“It’s just a car.”
We’ve all heard it from the outsiders. Or perhaps we’ve uttered it to ourselves in a moment of despair – there’s surely no reason to be this upset about a machine. But that’s a little lie. These machines are more than just the sum of their steel, plastic, glass elements.
That’s why we love them.
Just ask Beau Yates. Beau is ‘the man’ when it comes to Australian drift and requires no introduction for our Antipodean readers. He’s been developing this AE86 since 2003, despite being presented with plenty of opportunities to ‘move on’ or ‘upgrade’, not to mention a huge crash in 2013 that would’ve spelled the end for anyone less committed. We’ve spotlighted the car before – here it is back in 2010.
Not only did Beau rebuild the car from the ashes, this year he started a new chapter in the AE86’s long history by swapping score cards for time sheets.
As the story goes, a certain professional driver from Japan would be in town for the 2018 World Time Attack Challenge and needed an appropriate set of wheels for the weekend’s competition.
Since Beau’s hands would be busy at the wheel of his new 2JZ-powered drift car in the International Drifting Cup side of WTAC, he offered up the AE86 to the Hachi-god himself, Keiichi Tsuchiya, AKA Dorikin.
Beau being the obsessive man he is would not just be throwing a set of Yokohama Advan A050s on the car and calling it a day. The final result was one of the most talked-about cars in the Sydney Motorsport Park paddock this year, so I pulled it aside on Saturday afternoon for a closer look.Some Things Change…
The most important change from drift to time attack duties is arguably aerodynamics. Since the AE86 belonged to the ‘old school’ of drift builds before power and grip went wild, a few additions were required to make the car competitive in the hotly contested Open Class.
So despite being wingless for the best part of 15 years, for the first time the AE86 featured a large carbon aerofoil at the event.
I can’t help think a diffuser could make that rear wing even more effective – something I’m sure Beau is working on.
Up front, Topstage Composites created a simple but effective carbon front splitter. The front bumper looks like a good air dam, with only a single opening for the intercooler remaining.
The Carbon Junkie dry carbon bonnet then vents the used air skywards, further helping front downforce with a minimal drag penalty.
You can also see the custom duct that has been fabricated to seal this section from the rest of the engine bay.
One new detail at the front end that took me a little longer to notice is the headlights – or rather lack of headlights. Whoever designed those stickers deserves a round of applause, because I spent way too much time with the car thinking they were stock Corolla Levin units.
Underneath the car, a fully adjustable Watt’s link rear end has been fabricated and installed along with a custom differential, letting Beau easily adjust both camber and toe (usually impossible on a solid-axle rear end). New custom coilovers from MCA keep the contact patch on the tarmac.
There were a few new highlights inside the cabin, too.
Most notably, the H-pattern gearshift had been binned for that of a Sadev 6-speed sequential transmission.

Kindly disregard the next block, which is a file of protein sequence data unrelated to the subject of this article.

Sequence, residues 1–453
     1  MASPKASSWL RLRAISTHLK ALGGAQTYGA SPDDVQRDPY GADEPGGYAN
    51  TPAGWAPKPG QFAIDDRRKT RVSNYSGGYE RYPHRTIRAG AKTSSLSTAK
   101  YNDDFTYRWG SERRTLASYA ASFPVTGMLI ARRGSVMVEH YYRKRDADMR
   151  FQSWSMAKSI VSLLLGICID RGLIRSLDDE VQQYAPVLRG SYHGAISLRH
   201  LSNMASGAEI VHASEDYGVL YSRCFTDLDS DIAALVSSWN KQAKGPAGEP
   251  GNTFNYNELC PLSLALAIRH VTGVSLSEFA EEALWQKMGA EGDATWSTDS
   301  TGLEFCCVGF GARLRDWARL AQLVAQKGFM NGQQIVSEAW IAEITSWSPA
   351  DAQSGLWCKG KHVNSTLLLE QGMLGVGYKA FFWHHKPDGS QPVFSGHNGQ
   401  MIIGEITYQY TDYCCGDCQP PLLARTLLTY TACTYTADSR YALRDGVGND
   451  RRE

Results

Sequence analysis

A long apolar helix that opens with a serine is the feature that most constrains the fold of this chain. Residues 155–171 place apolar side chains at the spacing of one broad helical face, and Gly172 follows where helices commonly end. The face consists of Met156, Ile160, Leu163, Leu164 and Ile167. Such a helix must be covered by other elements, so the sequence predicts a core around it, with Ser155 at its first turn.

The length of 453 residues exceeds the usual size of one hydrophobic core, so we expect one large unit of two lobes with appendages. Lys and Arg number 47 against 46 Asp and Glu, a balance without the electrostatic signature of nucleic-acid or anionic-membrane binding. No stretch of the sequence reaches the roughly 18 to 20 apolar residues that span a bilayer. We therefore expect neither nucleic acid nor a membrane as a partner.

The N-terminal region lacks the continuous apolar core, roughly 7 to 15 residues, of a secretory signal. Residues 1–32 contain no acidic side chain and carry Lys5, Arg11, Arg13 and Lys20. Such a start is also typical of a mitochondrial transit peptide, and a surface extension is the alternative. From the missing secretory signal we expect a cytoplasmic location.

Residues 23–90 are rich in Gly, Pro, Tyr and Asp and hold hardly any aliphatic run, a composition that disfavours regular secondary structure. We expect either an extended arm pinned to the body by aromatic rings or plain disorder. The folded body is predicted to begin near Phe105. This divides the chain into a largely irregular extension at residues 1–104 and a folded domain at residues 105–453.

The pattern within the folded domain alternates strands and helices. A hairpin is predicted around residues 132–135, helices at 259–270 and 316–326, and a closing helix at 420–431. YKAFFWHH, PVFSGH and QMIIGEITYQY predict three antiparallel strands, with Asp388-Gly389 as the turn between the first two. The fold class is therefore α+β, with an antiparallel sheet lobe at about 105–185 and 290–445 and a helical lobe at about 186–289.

Beau made the change to an Emtron KV8 ECU which lets him run shift-cut for full throttle upshifts.
Bosch Motorsport came on board as a sponsor while the transformation was underway, and the car features their fully customisable Motorsport ABS solution – controlled by this simple knob beneath the MoTeC-sourced control panel for the Emtron. It allows the driver to select the intensity and timing of ABS intervention to their taste, while constantly ensuring maximum deceleration.
Beau’s team spent most of the weekend poring over data visualisations including outputs from this ABS unit and a Bosch steering angle sensor.
With the rear hatch area now much less accessible due to the new wing, Ben Walker at Hypertune fabricated the fuel filler solution you can see in the left of the frame above.…Some Stay The Same
Although there are plentiful new additions, the basic underpinnings of the car still exist as they have since Beau was shredding tyres on his way to Drift Australia Championship podiums back in the late 2000s.
It’s really a sight to behold. Sydney’s Hypertune workshop is synonymous with ‘fabrication porn’ and nothing on the car looks rushed or repurposed.
The dry-sumped 3S-GE Beams engine keeps its 2.0-litre capacity but runs low-compression Toda and TRD internals and a host of custom Hypertune ancillaries.
A Garrett GTX3576R turbo helps the engine produce 300kW (402hp), making for a pretty explosive package considering the car’s low weight.
More of those lovely fabrication details… Seriously Beau, is this thing a race car or a show car?
Carbon fibre is featured throughout the AE86, including the doors, which felt like they could be ripped off by a moderate gust of wind.
One of my favourite details is underneath the rear hatch area, where all the fluid reservoirs can be drained in a flash for quick trackside repairs.
It’s interesting to see Beau sticking with these old school SSR Formula Mesh wheels when most of the competition is running at least 18-inches and lower-profile rubber. Personally, I love the retro-modern-hybrid look, but I’m curious to see how long they stay when Beau starts getting really serious about chasing lap times.
Tsuchiya-san worked with the team through Friday’s wet conditions to get the car dialled in to his specific driving style, and by the end of the weekend managed a best lap time of 1:35.768, which was right on the pace as far as the team was concerned. The car was completed just in time for the event, so I’m sure with a bit more tweaking we’ll see even lower lap times with Beau back in the driver’s seat.